Lane County Public Health Issues COVID-19 Update
March 10 —
• Lane County has had no positive COVID-19 tests as of 8 a.m. on March 10.
DAILY KEY MESSAGES:
• Is Lane County planning to declare an emergency?
Yes, if it becomes necessary. Over this last weekend, the Governor’s Office declared a state of emergency. This opens up a funding stream for resources and assistance through Oregon Health Authority, which is leading the response efforts with Oregon Emergency Management.
We have prepared declaration documentation so that we can move quickly if we start seeing cases locally or the disease spread changes.
• Can Lane County Public Health provide a work release letter for me or my employees?
No. If you are an official Person Under Monitoring (PUM) for the COVID-19 investigation, Lane County Public Health can work with your employer to clear you to return to work. For all other individuals, Lane County Public Health cannot provide clearance for return to work. Please contact your medical provider. Only your medical provider can order testing for COVID-19.
• Should people avoid large gatherings or public spaces?
Currently, Lane County Public Health is not advising community members to avoid large gatherings or public places. We are currently asking people to use the same caution they would use during flu season when it comes to public spaces.
Individuals with a condition that affects their lungs or breathing (like asthma or COPD) or individuals who are 65+ should always exercise caution regarding large gatherings this time of year.
We recommend all residents take everyday precautions to prevent the spread of many respiratory illnesses, including COVID-19 and influenza:
· Cover your coughs and sneezes with a tissue and then throw the tissue in the trash.
· Wash your hands often with soap and water for at least 20 seconds. If soap and water are not readily available, use an alcohol-based hand sanitizer that contains at least 60 percent alcohol.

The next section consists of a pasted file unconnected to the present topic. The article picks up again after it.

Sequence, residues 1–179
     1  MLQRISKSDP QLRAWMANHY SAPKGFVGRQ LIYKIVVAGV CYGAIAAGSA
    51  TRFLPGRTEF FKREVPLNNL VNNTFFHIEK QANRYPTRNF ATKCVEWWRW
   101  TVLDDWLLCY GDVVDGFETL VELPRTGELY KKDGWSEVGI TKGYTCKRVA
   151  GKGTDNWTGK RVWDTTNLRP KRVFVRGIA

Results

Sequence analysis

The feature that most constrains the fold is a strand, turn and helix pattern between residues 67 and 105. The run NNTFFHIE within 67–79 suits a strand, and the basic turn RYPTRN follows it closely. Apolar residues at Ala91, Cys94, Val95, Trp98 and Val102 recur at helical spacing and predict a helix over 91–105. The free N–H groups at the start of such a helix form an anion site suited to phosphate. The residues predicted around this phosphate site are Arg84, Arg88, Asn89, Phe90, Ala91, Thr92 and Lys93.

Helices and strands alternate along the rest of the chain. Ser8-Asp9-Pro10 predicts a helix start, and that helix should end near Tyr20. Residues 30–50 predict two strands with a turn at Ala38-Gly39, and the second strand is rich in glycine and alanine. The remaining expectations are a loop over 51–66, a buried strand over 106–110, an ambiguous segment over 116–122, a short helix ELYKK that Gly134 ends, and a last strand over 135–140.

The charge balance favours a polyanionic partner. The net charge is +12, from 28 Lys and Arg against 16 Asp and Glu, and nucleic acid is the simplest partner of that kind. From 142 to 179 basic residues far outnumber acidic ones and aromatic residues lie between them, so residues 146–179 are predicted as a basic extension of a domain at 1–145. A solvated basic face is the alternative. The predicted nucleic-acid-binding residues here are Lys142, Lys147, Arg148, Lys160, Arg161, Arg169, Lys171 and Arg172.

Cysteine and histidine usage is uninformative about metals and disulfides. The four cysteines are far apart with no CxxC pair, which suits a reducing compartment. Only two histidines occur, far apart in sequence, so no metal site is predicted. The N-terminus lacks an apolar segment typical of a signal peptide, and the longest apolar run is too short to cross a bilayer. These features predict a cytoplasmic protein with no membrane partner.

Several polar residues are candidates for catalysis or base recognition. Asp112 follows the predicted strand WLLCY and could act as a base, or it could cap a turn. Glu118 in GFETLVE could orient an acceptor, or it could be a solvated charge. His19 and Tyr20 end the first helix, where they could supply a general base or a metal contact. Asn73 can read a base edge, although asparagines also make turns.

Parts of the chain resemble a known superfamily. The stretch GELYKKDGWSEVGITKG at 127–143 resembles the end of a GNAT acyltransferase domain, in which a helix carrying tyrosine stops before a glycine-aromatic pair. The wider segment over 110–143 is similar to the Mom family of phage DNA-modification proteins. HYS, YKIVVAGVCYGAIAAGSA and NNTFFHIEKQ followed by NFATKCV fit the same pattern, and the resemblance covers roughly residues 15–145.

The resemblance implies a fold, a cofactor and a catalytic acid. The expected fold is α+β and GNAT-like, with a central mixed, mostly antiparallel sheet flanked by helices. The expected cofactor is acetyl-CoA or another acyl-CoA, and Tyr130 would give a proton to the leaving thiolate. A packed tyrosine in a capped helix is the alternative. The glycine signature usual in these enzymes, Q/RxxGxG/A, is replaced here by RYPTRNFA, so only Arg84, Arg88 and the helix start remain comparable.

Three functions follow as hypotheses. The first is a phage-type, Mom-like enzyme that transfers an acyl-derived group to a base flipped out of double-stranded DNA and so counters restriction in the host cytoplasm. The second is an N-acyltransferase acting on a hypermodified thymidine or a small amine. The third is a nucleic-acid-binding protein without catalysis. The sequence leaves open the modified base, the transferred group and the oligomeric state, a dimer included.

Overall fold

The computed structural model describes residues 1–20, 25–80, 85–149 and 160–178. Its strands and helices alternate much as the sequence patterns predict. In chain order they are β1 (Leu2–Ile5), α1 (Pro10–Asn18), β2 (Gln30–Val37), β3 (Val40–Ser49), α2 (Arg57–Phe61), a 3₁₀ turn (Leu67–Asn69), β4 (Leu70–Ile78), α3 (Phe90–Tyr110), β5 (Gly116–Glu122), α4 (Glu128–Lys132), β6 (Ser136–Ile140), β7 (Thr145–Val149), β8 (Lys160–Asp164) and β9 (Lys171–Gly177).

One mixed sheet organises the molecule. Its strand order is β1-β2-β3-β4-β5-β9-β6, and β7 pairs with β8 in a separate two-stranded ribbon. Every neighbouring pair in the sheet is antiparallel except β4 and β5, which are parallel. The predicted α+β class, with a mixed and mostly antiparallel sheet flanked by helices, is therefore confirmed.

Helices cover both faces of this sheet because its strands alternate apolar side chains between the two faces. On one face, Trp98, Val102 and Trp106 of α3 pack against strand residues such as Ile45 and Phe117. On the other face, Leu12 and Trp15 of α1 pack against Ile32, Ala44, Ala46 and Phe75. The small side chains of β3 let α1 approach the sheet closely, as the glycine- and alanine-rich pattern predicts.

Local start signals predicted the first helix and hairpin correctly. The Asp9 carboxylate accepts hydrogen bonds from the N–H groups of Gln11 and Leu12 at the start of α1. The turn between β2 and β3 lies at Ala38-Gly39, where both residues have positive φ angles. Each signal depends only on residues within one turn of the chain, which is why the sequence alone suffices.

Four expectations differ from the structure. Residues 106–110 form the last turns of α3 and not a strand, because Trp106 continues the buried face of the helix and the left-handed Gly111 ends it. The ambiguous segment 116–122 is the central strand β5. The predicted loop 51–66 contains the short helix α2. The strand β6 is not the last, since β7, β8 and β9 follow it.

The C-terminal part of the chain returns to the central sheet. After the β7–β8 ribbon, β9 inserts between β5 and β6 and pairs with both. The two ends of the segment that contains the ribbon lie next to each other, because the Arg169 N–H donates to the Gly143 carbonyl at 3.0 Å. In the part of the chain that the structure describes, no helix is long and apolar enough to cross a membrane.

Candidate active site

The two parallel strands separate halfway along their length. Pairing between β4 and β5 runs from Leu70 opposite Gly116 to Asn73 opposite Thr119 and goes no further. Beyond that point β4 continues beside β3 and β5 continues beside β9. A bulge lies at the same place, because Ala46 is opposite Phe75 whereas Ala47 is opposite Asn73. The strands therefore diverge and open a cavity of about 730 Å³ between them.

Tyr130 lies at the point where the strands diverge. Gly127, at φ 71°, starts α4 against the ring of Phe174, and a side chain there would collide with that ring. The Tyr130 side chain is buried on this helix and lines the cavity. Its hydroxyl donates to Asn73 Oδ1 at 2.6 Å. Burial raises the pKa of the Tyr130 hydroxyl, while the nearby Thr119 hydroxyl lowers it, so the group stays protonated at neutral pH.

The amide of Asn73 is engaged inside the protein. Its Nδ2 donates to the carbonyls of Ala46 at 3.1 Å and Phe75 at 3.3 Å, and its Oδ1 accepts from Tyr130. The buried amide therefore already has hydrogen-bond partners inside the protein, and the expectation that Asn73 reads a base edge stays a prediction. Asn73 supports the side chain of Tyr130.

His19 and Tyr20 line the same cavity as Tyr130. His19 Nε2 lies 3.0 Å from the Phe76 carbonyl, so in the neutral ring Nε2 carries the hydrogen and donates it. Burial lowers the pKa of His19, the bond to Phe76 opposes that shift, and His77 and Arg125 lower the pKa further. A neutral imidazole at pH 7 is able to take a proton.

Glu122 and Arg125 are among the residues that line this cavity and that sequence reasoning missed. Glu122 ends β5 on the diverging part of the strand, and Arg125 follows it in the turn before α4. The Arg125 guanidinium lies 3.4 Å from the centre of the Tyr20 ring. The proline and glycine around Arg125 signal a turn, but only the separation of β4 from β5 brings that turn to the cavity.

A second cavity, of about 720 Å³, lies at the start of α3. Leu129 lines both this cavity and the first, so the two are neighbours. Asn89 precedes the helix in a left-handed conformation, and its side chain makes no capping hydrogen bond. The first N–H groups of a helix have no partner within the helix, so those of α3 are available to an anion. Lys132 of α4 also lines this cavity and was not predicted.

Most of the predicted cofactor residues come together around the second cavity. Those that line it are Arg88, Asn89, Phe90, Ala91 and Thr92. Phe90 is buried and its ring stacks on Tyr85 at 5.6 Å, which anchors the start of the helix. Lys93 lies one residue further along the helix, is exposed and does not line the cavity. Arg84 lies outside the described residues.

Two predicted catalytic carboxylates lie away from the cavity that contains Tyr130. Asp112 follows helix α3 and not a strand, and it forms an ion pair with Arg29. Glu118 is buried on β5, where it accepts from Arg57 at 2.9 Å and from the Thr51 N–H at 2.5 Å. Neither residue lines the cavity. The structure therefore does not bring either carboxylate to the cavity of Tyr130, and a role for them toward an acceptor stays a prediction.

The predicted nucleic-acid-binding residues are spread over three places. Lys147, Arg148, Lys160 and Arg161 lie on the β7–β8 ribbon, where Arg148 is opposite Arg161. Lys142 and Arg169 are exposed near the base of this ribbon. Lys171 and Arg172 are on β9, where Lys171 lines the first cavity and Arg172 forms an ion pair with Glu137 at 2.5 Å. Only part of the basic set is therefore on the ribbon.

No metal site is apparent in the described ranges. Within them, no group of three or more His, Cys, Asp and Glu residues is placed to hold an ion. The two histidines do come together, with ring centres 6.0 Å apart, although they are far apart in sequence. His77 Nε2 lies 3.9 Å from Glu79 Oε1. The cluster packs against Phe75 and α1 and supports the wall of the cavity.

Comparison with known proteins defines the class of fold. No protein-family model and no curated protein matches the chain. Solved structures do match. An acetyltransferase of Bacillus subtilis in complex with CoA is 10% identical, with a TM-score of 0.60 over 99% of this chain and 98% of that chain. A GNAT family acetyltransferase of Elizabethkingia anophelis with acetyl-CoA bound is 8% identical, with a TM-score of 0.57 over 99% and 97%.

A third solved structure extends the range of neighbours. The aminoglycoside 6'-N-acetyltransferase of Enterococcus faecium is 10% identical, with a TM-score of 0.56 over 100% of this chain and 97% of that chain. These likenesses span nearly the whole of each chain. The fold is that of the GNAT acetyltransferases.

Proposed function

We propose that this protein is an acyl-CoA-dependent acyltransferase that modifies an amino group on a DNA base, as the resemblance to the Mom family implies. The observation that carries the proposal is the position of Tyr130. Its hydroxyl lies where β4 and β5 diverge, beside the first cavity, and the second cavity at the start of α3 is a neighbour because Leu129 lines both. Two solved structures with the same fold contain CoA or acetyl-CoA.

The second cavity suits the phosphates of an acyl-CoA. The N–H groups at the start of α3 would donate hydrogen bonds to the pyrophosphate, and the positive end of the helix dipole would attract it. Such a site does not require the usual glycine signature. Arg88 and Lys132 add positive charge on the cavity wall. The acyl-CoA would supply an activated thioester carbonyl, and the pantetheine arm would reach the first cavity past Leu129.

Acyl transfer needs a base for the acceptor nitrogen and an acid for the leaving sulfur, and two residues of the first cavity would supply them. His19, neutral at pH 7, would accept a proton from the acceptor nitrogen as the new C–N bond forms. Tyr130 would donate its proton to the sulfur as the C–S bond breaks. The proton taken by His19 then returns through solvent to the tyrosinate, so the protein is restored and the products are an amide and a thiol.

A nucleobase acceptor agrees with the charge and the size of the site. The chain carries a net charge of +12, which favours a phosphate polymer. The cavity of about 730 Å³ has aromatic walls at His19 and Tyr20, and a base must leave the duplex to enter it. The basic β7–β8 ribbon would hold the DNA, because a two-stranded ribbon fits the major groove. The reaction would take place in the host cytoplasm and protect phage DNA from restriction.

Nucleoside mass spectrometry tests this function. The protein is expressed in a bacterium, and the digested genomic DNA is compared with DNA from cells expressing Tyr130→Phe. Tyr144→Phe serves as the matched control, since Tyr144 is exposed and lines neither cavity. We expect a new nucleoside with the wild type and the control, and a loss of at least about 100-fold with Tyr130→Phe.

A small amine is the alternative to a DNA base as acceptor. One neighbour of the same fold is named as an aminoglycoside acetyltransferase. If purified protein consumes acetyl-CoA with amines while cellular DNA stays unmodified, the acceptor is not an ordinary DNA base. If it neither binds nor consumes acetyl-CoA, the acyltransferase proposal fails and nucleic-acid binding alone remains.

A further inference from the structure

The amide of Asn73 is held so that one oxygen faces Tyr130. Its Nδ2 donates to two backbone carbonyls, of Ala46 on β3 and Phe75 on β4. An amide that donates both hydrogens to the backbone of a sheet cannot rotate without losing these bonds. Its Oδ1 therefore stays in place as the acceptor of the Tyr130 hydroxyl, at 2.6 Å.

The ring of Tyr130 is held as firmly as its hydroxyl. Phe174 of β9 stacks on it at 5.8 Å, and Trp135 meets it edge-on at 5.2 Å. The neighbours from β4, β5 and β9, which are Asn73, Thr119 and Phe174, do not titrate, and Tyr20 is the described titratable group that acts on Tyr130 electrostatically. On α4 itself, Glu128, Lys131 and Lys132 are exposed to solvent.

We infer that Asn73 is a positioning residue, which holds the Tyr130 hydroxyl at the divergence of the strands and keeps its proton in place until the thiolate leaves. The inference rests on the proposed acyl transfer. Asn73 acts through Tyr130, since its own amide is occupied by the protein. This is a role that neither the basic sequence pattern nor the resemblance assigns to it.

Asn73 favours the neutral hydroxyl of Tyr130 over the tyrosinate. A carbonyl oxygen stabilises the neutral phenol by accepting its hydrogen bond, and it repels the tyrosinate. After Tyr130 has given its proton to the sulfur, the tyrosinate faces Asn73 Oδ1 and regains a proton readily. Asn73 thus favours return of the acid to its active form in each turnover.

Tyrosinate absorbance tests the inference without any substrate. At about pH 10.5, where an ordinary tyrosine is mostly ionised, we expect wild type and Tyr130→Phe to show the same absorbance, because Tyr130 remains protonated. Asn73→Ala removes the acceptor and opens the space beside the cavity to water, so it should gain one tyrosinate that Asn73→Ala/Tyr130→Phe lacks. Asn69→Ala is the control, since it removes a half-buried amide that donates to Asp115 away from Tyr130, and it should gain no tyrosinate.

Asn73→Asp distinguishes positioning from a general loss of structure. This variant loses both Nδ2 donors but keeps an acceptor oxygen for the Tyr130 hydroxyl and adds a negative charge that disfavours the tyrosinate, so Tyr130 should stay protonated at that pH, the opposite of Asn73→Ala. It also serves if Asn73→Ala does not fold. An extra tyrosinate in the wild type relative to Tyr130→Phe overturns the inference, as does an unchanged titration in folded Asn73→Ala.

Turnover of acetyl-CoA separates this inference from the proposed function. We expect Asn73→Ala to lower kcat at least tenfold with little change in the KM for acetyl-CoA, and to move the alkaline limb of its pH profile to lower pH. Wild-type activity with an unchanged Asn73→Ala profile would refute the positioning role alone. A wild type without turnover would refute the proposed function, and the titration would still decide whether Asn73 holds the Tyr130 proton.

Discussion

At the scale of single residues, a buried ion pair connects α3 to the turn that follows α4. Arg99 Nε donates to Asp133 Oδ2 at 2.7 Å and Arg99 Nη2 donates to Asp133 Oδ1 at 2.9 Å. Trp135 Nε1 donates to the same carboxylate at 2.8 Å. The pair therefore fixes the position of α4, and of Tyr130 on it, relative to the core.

· Avoid close contact with people who are sick.
· Avoid touching your eyes, nose and mouth with unwashed hands.
· Clean and disinfect surfaces that are often touched.
· Take care of your health overall. Staying current on your vaccinations (including the flu vaccine), eating well and exercising all help your body stay resilient.
· Consult CDC’s travel website for any travel advisories and steps to protect yourself if you plan to travel outside of the U.S.
OHA Adds 7 New Presumptive Positive COVID-19 Cases:
Health officials work to identify, isolate close contacts to prevent spread
MARCH 9 — Oregon Health Authority (OHA) confirmed seven new presumptive cases of novel coronavirus, COVID-19, today. OHA also announced actions it is taking to slow the spread of the virus and protect Oregonians, in response to Gov. Kate Brown’s emergency declaration.
“We are prepared to activate an unprecedented state and private effort to contain the spread of COVID-19 in Oregon by focusing specifically on at-risk populations,” said OHA Director Patrick Allen. “We want to protect Oregonians at greatest risk of the most severe outcomes of this disease, including older adults, people with underlying conditions, people who are homeless and those who are vulnerable in other ways.”
He said the emergency powers Gov. Brown authorized today (MARCH 9) give OHA more freedom and flexibility to take specific actions to contain the outbreak. These actions include:
• Finalizing agreements with major hospital systems to expand locations where COVID-19 tests can be conducted safely.
• Preparations to mobilize Oregon’s medical reserve corps to provide emergency support for vulnerable populations.
• Expanding telemedicine so patients can be screened, evaluated and treated by health care providers without coming into a clinic or hospital emergency department.